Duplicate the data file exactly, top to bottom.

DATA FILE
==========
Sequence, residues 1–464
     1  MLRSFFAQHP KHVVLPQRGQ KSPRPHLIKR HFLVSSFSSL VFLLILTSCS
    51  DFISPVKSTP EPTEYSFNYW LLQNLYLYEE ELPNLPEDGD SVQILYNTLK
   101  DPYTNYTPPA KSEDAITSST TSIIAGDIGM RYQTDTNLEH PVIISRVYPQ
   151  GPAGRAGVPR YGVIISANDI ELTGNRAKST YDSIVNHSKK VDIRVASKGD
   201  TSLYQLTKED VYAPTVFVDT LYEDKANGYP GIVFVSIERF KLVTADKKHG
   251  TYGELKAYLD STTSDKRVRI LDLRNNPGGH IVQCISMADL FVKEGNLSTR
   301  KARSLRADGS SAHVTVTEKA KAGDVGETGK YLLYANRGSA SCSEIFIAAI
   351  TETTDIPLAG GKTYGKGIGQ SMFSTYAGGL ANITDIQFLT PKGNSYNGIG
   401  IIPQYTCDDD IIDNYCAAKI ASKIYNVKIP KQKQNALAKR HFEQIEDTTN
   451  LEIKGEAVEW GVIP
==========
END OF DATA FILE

Sequence, residues 1–464
     1  MLRSFFAQHP KHVVLPQRGQ KSPRPHLIKR HFLVSSFSSL VFLLILTSCS
    51  DFISPVKSTP EPTEYSFNYW LLQNLYLYEE ELPNLPEDGD SVQILYNTLK
   101  DPYTNYTPPA KSEDAITSST TSIIAGDIGM RYQTDTNLEH PVIISRVYPQ
   151  GPAGRAGVPR YGVIISANDI ELTGNRAKST YDSIVNHSKK VDIRVASKGD
   201  TSLYQLTKED VYAPTVFVDT LYEDKANGYP GIVFVSIERF KLVTADKKHG
   251  TYGELKAYLD STTSDKRVRI LDLRNNPGGH IVQCISMADL FVKEGNLSTR
   301  KARSLRADGS SAHVTVTEKA KAGDVGETGK YLLYANRGSA SCSEIFIAAI
   351  TETTDIPLAG GKTYGKGIGQ SMFSTYAGGL ANITDIQFLT PKGNSYNGIG
   401  IIPQYTCDDD IIDNYCAAKI ASKIYNVKIP KQKQNALAKR HFEQIEDTTN
   451  LEIKGEAVEW GVIP